·22+Citiesx75 Hours Placemaking Marathon - The Smart Cities Mission encouraged cities to reimagine at least one public space in their city and transform it within 75 hours. 32 cities participated hosting public events and programming the transformed spaces in a way that celebrates our azadi, while also celebrating our cities. 22+Cities, transformed 50+public spaces in 75 hours. This equaled to about 1 lakh square meters of public spaces in cities. The projects focused on building cities for the people and with the people. To make cities safer for walking & cycling. To make neighbourhood parks and public amenities like anganwadis and health centers more stimulating for young children to aid their physical and cognitive development. To cater to the needs of caregivers – especially pregnant and lactating mothers, and to ensure we have access to hygienic food in public spaces. These were done as light quick and cheap trials. So that these ideas can be tested and improved upon before more permanent and cost-intensive projects are undertaken at scale. The details of the initiative can be accessed from https://smart net.niua.org/placemaking marathon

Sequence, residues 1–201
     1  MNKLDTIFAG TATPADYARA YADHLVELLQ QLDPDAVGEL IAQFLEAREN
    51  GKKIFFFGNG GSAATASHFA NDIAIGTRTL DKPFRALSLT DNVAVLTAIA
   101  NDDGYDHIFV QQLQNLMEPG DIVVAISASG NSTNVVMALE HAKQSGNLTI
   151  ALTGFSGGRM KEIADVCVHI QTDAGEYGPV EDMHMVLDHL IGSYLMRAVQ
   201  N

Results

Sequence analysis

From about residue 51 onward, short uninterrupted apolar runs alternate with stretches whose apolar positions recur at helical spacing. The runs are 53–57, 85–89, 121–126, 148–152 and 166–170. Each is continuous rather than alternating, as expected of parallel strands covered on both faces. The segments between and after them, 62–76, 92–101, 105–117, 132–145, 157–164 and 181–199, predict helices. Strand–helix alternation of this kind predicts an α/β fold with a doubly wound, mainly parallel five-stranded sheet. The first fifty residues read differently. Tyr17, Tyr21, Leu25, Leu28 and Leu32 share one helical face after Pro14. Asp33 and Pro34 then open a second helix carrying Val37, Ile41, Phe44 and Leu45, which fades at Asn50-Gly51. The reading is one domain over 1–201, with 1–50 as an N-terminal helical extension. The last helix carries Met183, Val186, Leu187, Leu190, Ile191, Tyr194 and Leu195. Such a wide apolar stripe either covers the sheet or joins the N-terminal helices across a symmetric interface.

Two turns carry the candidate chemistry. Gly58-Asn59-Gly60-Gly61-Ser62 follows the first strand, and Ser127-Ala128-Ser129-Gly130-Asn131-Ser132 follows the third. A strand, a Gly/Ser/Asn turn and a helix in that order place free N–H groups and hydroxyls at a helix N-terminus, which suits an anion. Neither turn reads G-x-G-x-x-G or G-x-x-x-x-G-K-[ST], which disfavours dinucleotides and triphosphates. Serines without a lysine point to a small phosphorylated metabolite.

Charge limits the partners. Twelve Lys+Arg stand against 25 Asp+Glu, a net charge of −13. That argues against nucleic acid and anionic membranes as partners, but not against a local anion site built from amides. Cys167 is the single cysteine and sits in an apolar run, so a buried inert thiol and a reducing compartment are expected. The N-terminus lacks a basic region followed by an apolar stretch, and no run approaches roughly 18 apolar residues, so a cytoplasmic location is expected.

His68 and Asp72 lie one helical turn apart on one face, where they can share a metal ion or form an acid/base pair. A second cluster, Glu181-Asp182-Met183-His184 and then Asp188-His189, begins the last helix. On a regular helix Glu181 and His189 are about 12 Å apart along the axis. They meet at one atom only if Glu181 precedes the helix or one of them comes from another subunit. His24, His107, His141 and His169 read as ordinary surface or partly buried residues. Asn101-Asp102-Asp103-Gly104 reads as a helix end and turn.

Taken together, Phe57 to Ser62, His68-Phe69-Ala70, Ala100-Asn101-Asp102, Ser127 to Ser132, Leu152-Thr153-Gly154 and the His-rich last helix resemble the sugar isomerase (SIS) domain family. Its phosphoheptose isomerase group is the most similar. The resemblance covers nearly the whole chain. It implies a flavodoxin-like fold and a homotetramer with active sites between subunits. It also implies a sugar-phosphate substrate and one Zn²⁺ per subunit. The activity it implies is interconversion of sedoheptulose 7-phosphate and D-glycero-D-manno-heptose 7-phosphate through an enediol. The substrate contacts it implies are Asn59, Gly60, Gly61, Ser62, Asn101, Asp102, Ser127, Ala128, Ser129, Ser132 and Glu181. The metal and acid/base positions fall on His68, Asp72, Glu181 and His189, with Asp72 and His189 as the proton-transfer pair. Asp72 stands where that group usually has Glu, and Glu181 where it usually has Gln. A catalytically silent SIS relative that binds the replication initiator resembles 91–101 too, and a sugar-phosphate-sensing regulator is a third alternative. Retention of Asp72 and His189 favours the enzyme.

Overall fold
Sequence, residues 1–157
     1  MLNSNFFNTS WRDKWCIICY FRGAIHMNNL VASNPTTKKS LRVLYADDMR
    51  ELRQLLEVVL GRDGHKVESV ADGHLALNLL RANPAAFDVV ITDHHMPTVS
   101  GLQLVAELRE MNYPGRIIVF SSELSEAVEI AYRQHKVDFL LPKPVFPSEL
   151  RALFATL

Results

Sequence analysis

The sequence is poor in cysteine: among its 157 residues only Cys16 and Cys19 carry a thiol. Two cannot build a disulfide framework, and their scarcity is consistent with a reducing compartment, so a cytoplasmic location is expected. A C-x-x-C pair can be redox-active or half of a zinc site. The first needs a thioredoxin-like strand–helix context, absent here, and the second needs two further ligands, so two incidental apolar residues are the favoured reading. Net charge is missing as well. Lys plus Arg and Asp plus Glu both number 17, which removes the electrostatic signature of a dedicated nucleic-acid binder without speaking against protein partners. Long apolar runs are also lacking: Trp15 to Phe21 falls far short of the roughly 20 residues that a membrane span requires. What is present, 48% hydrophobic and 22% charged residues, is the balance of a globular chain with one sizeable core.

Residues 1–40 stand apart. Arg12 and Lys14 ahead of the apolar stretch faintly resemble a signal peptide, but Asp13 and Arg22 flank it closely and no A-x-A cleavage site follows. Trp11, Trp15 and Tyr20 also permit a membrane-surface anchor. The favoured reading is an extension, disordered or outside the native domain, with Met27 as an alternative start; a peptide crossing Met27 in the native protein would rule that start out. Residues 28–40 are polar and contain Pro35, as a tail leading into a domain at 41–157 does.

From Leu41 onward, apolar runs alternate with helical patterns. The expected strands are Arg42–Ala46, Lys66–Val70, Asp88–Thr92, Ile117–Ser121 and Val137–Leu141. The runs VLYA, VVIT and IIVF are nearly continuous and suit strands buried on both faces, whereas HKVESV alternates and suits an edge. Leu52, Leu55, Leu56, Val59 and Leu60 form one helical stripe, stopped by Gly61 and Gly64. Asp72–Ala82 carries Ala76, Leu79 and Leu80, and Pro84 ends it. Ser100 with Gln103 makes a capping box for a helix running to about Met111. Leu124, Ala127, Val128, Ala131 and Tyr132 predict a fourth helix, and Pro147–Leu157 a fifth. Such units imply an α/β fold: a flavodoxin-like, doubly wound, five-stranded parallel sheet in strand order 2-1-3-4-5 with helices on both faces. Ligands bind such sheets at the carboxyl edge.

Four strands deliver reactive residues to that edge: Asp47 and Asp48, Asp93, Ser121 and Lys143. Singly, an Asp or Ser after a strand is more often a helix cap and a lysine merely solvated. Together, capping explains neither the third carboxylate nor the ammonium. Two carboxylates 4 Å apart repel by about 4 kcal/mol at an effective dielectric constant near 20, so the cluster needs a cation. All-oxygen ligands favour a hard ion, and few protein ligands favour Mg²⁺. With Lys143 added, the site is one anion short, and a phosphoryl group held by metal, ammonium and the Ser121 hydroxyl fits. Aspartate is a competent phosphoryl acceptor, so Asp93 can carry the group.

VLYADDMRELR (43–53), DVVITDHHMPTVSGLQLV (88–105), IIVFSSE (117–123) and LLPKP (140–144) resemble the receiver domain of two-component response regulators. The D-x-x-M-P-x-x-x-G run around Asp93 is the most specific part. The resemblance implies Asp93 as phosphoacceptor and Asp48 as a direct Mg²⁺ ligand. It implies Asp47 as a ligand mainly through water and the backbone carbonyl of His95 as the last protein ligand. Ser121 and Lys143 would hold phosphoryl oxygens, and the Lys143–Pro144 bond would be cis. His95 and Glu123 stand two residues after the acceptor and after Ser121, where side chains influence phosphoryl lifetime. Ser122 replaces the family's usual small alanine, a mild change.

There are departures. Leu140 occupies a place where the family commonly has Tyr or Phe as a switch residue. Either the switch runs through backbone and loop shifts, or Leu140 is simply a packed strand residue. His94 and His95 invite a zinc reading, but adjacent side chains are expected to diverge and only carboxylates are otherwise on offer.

·Freedom Walk/Run/ Cycling Campaign - Through this campaign, over 220 events encouraging citizens to walk, cycle or run were held across the 100 participating cities between 1st to 3rd October 2021. There were 40 events held to empower women to walk & cycle, 25 events to identify junior walk & bicycle champions, 115 events to bring more pedestrians and cyclists on the street and 15 temporary interventions were tested to make walking and cycling safe and fun.

·Freedom through Technology- Under Freedom through Technology, the Smart Cities Mission encouraged the cities to host an event in their ICCC / ICT centers between 27th Sept to 3rd October 2021 showcasing successful technological ICT interventions to the citizens focusing on how cities are achieving technology enabled freedom. 75 cities together engaged more than 7500 citizens showcasing their ICCC capabilities with 200+ use cases which were well received by citizens and other city stakeholders. The events focused on the readiness of the cities to mitigate challenges across nine themes viz. Freedom from Crime, Freedom from Traffic, Freedom from Waste, Freedom from Waterscarcity, Freedom from Queues, Freedom from Green House Gases (GHGs), Freedom from Pollution, Freedom from Disease and Freedom from Inefficiency.

(The author is Director, Ministry of Housing and Urban Affairs, Government of India).

Views expressed are personal